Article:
In our contentious world, it is wise that we pause and examine some of the foundations of our current chaos. We are assailed with ideological inputs from all sides. The moment someone calls for personal responsibility for social ills they are labeled insensitive, racist, or worse. When another utters the words, “systemic injustice” they are branded a Marxist. Dialogues end in both cases and resolutions are far away.
This essay is not about ideological preferences or even specific public policies. My aim is unveiling a phenomenon that hinders human flourishing: we have many good people trapped in bad systems. For decades I have listened to thoughtful women and men offer innovative solutions in classrooms and over coffee, only to go back into their offices and organizations that stifle creativity and promote conformity.
These bad systems almost have a life of their own. They breed fantasies and fatalism – promising the world with just a bit more money or promoting a bureaucratic apathy of hopelessness that hopes next year’s budget includes them. These bad systems are in private and public agencies and recognizing the signs and refusing to submit to the inevitable are the first steps forward toward liberation.
There are three insights that will help us find freedom. First, we must recognize the phenomena of systemic captivity. These include losing sight of the mission, self-preserving activities, and forgetting that all systems are supposed to serve the mission, not become an end in themselves. Second, we must accept that real change is painful and includes many finding new employment or learning new skills. Effectiveness includes new efficiencies. Institutional systems must be nimble. Transitions can be compassionate, but they will not be easy. Third, advocates of systems change will be marginalized, even hated. The purest motives and the wisest pathways will still meet the inevitable resistance to change.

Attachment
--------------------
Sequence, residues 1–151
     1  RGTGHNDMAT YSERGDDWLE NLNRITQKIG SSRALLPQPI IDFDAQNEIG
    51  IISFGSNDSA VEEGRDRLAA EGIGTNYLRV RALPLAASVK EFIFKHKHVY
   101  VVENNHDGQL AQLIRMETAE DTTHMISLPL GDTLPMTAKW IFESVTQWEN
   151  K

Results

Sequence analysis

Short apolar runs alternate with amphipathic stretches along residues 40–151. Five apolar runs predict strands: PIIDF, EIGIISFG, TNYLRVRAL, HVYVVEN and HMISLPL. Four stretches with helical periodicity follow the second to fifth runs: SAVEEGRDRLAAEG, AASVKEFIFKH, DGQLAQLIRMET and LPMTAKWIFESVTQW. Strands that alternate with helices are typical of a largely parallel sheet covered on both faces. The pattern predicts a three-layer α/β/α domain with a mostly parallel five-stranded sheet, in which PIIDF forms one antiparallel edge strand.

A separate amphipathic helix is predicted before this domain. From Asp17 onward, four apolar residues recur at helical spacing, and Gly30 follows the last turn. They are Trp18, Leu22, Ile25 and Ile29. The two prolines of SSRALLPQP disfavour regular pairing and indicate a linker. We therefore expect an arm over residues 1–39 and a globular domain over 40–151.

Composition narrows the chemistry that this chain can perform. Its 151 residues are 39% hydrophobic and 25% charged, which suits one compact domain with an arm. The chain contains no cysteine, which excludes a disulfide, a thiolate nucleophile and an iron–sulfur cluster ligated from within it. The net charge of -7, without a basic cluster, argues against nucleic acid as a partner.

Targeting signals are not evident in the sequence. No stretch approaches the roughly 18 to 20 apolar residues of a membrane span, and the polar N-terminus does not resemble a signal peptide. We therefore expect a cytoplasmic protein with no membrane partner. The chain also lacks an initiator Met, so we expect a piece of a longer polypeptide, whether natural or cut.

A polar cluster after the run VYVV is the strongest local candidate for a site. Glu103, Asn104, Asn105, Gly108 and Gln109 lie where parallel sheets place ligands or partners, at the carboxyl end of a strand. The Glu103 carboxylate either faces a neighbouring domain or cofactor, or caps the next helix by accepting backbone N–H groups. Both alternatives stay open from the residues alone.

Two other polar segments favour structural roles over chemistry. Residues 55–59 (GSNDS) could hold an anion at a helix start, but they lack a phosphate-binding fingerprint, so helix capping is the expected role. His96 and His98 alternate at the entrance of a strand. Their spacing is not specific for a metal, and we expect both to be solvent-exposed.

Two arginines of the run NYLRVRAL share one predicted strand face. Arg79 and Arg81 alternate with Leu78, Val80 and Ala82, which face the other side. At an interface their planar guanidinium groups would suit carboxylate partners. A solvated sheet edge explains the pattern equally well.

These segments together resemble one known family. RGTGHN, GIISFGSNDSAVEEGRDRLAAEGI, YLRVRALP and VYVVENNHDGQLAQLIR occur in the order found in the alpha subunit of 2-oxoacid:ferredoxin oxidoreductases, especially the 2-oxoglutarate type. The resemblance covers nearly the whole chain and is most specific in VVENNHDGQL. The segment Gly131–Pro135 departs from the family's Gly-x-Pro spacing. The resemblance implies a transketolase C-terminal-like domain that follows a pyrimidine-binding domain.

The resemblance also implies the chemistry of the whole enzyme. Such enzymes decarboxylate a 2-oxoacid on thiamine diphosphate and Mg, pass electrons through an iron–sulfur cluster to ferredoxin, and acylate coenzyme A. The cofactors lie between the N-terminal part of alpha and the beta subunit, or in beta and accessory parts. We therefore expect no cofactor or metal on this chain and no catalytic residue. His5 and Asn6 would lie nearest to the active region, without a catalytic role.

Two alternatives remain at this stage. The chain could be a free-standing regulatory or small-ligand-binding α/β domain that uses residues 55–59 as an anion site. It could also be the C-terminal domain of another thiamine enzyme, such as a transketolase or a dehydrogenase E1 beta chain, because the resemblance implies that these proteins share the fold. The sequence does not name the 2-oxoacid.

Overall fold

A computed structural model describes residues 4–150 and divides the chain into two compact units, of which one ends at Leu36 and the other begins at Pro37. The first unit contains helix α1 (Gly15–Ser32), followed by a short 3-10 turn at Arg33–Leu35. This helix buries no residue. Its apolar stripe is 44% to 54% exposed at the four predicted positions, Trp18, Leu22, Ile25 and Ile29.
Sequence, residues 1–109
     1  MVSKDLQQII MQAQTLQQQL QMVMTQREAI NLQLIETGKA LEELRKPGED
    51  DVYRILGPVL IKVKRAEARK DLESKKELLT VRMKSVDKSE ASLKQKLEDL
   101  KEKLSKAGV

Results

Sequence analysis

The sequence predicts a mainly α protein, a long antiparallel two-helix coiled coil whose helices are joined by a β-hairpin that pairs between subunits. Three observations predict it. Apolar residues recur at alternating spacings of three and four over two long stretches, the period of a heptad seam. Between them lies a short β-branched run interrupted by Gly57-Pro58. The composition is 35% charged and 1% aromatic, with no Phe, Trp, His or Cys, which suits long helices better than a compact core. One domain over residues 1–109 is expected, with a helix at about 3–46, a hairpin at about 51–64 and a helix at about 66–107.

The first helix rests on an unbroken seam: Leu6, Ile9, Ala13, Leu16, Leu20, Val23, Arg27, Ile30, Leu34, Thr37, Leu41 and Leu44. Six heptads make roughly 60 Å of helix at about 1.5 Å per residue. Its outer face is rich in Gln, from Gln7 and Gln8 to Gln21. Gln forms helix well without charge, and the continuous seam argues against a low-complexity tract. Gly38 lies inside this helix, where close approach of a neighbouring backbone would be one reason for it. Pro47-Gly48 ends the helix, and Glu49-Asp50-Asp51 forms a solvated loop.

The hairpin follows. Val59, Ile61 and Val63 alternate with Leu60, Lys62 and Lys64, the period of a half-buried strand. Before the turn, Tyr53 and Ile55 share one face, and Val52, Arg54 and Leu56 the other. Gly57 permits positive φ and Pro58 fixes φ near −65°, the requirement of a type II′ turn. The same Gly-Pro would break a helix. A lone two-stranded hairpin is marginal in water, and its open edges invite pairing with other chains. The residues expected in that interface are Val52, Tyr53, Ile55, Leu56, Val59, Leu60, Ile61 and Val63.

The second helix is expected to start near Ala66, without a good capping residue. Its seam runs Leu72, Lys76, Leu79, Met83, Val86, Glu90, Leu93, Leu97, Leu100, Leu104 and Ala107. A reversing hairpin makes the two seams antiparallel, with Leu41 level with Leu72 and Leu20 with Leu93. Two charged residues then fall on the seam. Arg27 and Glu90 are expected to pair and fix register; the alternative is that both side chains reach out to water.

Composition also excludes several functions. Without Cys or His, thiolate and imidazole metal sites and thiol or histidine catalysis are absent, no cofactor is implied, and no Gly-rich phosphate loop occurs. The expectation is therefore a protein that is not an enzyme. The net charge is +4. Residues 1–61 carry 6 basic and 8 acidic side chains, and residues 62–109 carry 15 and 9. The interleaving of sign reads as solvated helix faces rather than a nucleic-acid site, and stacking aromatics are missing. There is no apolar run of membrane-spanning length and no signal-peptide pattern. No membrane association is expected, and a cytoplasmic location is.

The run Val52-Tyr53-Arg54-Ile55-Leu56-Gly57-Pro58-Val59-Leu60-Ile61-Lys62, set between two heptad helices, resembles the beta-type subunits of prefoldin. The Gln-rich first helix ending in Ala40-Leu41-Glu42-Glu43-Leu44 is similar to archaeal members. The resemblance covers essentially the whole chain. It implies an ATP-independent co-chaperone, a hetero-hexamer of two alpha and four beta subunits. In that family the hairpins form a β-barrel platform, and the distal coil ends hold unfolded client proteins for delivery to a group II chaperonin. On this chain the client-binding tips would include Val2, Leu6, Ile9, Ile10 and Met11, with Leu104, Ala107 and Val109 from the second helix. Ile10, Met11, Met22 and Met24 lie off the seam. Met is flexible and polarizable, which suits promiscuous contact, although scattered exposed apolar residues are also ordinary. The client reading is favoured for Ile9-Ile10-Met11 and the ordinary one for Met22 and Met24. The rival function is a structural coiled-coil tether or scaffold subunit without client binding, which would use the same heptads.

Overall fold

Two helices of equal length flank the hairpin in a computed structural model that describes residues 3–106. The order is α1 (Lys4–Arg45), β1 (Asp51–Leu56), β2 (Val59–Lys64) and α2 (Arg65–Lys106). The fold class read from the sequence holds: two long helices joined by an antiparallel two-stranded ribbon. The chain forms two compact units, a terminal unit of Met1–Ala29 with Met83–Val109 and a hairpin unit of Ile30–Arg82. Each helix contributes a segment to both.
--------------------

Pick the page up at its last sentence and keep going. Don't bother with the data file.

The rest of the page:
Here are two applications that can change history. The first is commitment to a balanced federal budget and more local administration of vital programs. We need the universal ethics of federal influence (to ensure fairness) and the efficiencies of local systems for many public programs. Of course, there will be many job changes if we get serious about this. A second application more fun: non-profit and for-profit partnerships that help further flourishing with each bringing the best of their ethos and systems to the particular causes they are working on together. Good ethics and best practices apply to both kinds of organizations.
Before we label or libel leaders, let’s pause and look at the systems in place and see if we can find common cause in reform that leads to better results.
Dear conservative and progressive friends (and those of goodwill who dislike labels):
Throughout history movements for needed change are subverted by agendas contrary to the values of the initial advocates. Criminal justice and police reform, economic and educational change, ridding our souls and systems of racism – all of these and much more are worthy aims.
The well-orchestrated violence on the streets and the agendas of extremists are obscuring the legitimate (and painful) reform movements. When we stop reacting and start reflecting, there are creative ways forward that unite instead of divide.